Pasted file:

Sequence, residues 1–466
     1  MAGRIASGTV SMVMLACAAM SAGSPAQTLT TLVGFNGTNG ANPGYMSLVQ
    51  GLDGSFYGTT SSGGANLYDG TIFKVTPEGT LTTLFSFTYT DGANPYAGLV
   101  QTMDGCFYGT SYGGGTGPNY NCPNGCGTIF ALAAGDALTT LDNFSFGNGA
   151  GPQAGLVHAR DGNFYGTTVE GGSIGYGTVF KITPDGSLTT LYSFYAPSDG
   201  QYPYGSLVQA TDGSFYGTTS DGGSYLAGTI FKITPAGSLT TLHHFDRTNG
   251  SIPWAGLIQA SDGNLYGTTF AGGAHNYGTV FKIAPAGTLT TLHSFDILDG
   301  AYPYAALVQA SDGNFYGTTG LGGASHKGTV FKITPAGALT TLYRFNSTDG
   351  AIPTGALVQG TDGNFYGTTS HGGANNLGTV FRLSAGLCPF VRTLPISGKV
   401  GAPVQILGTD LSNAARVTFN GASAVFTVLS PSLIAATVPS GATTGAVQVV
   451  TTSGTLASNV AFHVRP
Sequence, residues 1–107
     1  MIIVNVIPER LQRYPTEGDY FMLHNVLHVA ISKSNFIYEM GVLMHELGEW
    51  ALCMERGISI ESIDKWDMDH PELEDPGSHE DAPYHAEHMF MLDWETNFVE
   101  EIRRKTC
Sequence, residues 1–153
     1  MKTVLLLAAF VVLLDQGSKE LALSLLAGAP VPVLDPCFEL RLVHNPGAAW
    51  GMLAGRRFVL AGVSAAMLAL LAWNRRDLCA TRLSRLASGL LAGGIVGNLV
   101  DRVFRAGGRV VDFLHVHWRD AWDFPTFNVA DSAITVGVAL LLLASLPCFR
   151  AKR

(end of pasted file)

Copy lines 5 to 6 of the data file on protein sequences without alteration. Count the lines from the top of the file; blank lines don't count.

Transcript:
   151  GPQAGLVHAR DGNFYGTTVE GGSIGYGTVF KITPDGSLTT LYSFYAPSDG
   201  QYPYGSLVQA TDGSFYGTTS DGGSYLAGTI FKITPAGSLT TLHHFDRTNG